Apart from the usual Windows options, such as file, view, and so on, the menu offers a data editor and four specific stats headings. Non-parametrics are, at core, really what the package is about and clicking here drops down a logical and well structured submenu with three main headings: inference for continuous data; categorical data; and measures of association. Beneath each heading is a manageable clutch of subheads, each of which leads to a side popup of specifics. The other entries (basic statistics; plots; power and sample size) are smaller affairs, there to support the main show.

Data is entered either into a worksheet or through an editor. Import of existing data from other programs covers a respectable range - apart from the usual suspects (ASCII, dBase, Excel, etc) it can be taken from other formats including BDMP, SAS, SPSS, Statistica, Systat, STATA. Export is more restricted, with only four options - ASCII, SAS, SPSS, STATA. Multiple datasets can be loaded and handled simultaneously, all accessed from the left-hand organiser pane. StatXact's own data and results are stored in a set of retrievable file types.

How exact is exact? Despite all the miracles which ubiquitous and ever more powerful computers have brought, they cannot yet do everything within a useful time. Ironically, their very speed has shortened our attention span - I would once have flattered and cajoled for weeks to get computer time on the old megalithic mainframe, before waiting days for the result of an analysis, but am now irritated if it takes more than a second or two. StatXact takes advantage of this power to do what it does, but there are limits. A true exact distribution is there whenever its calculation time is realistic - and, in turning over some pretty large data sets from the archive, I was impressed to see how often it is possible to get a true exact measure - but there are still times when you have to bow to the inevitable. For those occasions, an alternative strategy is provided in the form of Monte Carlo simulation within the distribution space of the particular problem under study. This is not exact, but in most studies it very definitely delivers a closer model than assumption of the theoretical distribution. Default settings for the Monte Carlo p-value run give a result around the 99 per cent accuracy level, but can be over-ridden to tweak the relative importance of accuracy versus execution time.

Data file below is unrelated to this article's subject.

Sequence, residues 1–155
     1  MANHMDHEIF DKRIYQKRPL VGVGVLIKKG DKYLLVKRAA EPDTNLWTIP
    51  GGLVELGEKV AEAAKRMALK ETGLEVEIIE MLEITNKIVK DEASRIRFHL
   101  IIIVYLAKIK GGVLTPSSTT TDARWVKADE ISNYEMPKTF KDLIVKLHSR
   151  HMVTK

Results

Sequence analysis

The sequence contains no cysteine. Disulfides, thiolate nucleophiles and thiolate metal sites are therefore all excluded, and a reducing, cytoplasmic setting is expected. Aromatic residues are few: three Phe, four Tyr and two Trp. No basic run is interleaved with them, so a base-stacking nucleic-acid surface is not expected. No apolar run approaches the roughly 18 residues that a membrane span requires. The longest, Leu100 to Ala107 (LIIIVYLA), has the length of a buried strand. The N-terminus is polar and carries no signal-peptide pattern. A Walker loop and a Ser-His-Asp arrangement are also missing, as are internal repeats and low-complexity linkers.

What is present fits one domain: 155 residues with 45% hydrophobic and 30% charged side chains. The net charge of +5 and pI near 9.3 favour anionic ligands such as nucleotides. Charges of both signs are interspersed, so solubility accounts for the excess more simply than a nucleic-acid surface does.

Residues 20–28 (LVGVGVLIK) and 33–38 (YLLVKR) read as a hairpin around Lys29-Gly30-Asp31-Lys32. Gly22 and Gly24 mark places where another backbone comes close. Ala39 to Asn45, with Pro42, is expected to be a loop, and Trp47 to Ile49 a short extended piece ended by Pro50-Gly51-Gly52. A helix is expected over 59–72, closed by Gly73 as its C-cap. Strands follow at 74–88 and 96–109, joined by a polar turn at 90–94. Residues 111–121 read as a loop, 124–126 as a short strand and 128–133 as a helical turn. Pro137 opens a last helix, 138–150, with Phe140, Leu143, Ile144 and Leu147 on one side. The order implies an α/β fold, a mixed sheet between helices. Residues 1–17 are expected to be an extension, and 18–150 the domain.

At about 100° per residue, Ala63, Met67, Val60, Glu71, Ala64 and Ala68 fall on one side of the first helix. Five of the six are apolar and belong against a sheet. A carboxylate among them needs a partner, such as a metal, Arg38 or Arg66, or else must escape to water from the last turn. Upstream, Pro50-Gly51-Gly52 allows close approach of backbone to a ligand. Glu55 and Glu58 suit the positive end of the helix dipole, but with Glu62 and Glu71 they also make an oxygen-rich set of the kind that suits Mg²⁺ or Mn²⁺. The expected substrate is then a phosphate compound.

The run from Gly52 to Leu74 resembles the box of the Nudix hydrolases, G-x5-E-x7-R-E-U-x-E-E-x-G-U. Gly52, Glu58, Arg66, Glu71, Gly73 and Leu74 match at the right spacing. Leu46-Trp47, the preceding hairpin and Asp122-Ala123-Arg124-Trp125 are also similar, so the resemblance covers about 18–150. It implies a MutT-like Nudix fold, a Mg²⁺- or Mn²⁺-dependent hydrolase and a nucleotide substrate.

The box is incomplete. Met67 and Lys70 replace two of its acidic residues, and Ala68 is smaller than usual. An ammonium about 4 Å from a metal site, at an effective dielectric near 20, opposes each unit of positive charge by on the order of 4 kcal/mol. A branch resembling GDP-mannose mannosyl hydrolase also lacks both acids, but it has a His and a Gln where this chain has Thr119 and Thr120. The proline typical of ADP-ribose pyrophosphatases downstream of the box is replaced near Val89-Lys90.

Using the program, you therefore have available three levels of 'exactness' - the true exact measure; a Monte Carlo approximation, which can be driven as close to exact as patience or time constraints allow; and a value derived from the theoretical distribution. In any case, since the exact distribution is asymptotic to the theoretical one as the sample grows, any retreat from exactness occurs only as its importance diminishes. Moving between the options is a painless business, and you remain in complete control of the balance.

For various unavoidable reasons, this was a short-term review conducted within the software's evaluation period. I wasn't, therefore, able to follow my usual routine of putting it to work for real on a live study. I did, however, have long enough to explore it thoroughly and also to try it out on some archived results (some my own, mostly those of colleagues so that my own defensiveness wouldn't be an issue) from past studies using standard theoretical distributions. This last is not as easy as it sounds; the whole point of a package like this is that it does what is difficult to do by other methods, so checking up on it involves a mixture of assumption, cunning, and hours of tedious slog. Luckily, the benefits of the software are greatest in the case of small samples - and that is the area where manual checks are most feasible.